Part III

Inspection record for heavy vehicles

4.1

Information and Registration Details

4.2

Smoke Emission

4.3

Road Wheels and Hubs

4.4

Size and Type of Tyres

4.5

Condition of Tyres

4.6

Bumper Bars

4. 7

Spare Wheel Carrier

4.8

Trailer Coupling on Drawing Vehicle

4.9

Coupling on Trailer

4.1

Trailer Landing Legs

4.11

Mudguards

4.12

Cab Mounting Load Body

4.13

NOT ALLOCATED

4.14-4.18

Cab Doors

4.19

Cab Floor and Steps

4.2

Cab Seats

4.21

Mirrors

4.22

View to Front and Sides

4.23

Windows and Windscreen

4.24

Windscreen Wipers

4.25

Speedometer

4.26

Hooter

4.27

Driving Controls

4.28

Steering Wheel

4.29

Steering Column

4.3

Air or Vacuum Warning Device

4.31

Build-up of Air Pressure or Vacuum

4.32

Hand Levers Controlling Mechanical

4.33

Braking System

4.34

Service Brake Pedal

4.35

Service Brake Operation

4.36

Hand- operated Air Brake Valves

4.37- 4.41

NOT ALLOCATED

4.42

Chassis

4.43

Electrical Wiring and Equipment

4.44

Engine and Transmission Mountings

4.45

Oil Leaks

4.46

Fuel System and Fuel Tank

4.47

Exhaust System

4.48

Suspension Units

4.49

Shock Absorbers

4.5

Stub Axles, Wheel Bearings and Kingpins

4.51

Stabilizers and Anti- roll Bars

4.52

Steering Mechanism

4.53

Power Steering

4.54

Drive Train

4.55-4.60

NOT ALLOCATED

4.61

Wheel Alignment

4.62

Braking System - General

4.63

Braking System - Specific Items

4.64

Trailer Parking Brake

4.65

Brake Efficiency

4.66-4.71

NOT ALLOCATED

4.72

Dimensions

4.73

Lights and Lighting

4.74

Retro-reflectors

4.75

Rear Warning Sign

4.76

Flasher Type Direction Indicators

4.77-4.79

NOT ALLOCATED

4.8

Safety Design

Also view:

Commercial Vehicles and Road Safety

Fleet Management

Sharing the Road with Trucks

Safety Tips for Truck and Bus Drivers

Truck Stops and Road Safety

Search Road Safety Articles

Latest Pages

Professionalism and ethics in reporting from the scene of a road crash

Professionalism and ethics in reporting from the scene of a road crash

Introduction On the Arrive Alive website we provide information on road safety in an effort to educate and encourage safer road behaviour. This includes not only sections of content developed with the intention to provide safety advice – but also sharing the reality of road carnage and the trauma

Read More

4x4 Off-Road Driving Techniques & Safety

4x4 Off-Road Driving Techniques & Safety

As truck ownership has increased, so has the amount of off-highway recreation. There is no special license required to drive off-road, even though there are many different techniques and practices involved. There does exist an often unspoken etiquette that is practised by old-school four-wheelers, which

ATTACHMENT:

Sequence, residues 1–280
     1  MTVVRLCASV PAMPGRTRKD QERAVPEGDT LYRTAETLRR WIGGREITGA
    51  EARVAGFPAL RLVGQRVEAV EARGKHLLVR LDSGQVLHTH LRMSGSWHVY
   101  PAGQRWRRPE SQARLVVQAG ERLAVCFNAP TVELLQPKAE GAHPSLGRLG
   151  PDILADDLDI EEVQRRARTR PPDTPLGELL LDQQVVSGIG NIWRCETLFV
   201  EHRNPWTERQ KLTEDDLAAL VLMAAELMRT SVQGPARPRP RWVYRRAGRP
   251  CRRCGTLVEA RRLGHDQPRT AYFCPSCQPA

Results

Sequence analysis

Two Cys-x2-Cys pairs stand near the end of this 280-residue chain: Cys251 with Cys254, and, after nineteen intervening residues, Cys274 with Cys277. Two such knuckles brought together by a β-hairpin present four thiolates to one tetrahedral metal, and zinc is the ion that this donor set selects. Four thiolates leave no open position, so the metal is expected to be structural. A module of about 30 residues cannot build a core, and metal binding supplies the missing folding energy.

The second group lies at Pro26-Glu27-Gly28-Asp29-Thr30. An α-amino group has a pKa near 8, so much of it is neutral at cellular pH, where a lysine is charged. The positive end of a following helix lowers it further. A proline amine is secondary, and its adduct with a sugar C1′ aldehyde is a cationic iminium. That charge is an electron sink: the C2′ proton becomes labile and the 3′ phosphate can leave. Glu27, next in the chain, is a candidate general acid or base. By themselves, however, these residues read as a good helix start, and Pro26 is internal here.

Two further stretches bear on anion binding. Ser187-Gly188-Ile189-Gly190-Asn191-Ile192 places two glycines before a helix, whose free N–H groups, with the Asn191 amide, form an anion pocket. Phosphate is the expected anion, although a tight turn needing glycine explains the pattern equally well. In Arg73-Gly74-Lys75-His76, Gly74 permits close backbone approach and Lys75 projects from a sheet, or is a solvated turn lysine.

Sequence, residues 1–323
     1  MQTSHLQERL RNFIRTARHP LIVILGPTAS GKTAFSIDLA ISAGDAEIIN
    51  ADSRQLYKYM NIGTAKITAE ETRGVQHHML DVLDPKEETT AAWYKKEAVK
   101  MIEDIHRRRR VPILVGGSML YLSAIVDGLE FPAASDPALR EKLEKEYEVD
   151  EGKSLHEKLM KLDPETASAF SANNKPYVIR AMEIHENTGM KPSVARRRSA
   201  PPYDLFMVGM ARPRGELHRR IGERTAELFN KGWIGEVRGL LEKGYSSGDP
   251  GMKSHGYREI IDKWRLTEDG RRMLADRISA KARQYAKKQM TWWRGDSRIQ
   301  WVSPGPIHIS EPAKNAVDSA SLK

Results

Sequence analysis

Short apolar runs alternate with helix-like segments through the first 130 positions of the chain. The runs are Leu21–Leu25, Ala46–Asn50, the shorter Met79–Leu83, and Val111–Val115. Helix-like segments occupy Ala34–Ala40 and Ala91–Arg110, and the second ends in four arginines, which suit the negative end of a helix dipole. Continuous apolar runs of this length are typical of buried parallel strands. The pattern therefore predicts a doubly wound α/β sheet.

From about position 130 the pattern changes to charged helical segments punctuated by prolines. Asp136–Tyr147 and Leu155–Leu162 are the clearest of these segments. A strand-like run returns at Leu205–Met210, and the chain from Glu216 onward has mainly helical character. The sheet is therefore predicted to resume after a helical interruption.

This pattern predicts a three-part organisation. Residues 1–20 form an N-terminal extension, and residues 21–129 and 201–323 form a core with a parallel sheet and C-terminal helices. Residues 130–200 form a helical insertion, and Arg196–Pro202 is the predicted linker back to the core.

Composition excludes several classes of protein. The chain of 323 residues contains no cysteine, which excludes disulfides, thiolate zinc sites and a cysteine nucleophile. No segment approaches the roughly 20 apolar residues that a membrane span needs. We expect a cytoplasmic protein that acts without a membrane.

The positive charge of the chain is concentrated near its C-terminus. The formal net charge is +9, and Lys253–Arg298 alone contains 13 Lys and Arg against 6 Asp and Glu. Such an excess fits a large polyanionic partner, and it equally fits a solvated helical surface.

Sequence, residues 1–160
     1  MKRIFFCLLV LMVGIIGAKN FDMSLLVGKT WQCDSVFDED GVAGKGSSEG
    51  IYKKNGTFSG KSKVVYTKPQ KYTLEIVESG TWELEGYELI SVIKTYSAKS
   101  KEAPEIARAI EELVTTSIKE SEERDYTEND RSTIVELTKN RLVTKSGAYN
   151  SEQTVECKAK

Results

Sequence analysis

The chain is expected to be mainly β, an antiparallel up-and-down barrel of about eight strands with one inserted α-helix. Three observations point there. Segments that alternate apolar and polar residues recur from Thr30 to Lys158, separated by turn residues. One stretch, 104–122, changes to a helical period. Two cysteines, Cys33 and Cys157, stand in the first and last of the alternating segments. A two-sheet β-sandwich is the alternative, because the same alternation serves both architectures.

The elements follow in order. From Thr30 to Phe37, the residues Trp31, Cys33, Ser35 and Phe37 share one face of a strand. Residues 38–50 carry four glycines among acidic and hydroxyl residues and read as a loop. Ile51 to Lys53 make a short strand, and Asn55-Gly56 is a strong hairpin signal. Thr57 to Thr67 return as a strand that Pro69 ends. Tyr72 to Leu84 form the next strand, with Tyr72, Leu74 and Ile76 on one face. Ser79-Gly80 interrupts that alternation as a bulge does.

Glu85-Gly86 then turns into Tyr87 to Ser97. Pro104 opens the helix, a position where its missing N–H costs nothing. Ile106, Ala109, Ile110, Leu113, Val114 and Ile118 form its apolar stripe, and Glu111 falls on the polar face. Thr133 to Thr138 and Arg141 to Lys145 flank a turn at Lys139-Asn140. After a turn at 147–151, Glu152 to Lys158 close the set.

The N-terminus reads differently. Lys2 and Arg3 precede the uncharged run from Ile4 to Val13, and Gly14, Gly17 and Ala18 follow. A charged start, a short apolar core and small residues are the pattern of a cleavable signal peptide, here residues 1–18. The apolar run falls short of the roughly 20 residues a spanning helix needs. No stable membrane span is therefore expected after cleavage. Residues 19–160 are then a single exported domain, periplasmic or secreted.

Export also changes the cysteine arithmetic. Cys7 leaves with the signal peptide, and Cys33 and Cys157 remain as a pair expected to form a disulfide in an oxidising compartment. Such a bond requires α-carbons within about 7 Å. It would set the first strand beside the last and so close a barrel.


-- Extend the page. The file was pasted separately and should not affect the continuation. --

Read More

Healthy Eating, Driver Fitness and Safer Driving

Healthy Eating, Driver Fitness and Safer Driving

Driver error is one of the major contributors to vehicle crashes. It is not only the reckless disregard for the rules of the road through speeding and impaired driving that we need to be concerned about, but also other factors such as driver fatigue/ tiredness, distracted driving and our failure to remain

Read More

Road Transport Management System (RTMS): Making Trucking Safer

Road Transport Management System (RTMS): Making Trucking Safer

Introduction Everyone who frequently travels along the South African road network will understand the importance of road freight. The men and women transporting freight and all types of cargo are the people keeping our economy moving. Most would have seen the yellow RTMS logo at the front of

Read More

Road Transport Management System [RTMS] and Road Safety

Road Transport Management System [RTMS] and Road Safety

Introduction South Africans have experienced a significant increase in the transportation of goods on our road network. The rail industry is facing several challenges, thereby increasing the demand on logistics companies for the transportation of road freight. All stakeholders in the road logistics

Read More

Truck Driver Fatigue and Alertness on the Road

Truck Driver Fatigue and Alertness on the Road

Introduction to Driver Alertness and the Safety of Truck Drivers South Africa has the 10th largest road network in the world and truck drivers are transporting large quantities of cargo along long distances on these roads. How do they manage to do this while remaining alert behind the steering

Read More

Load More Pages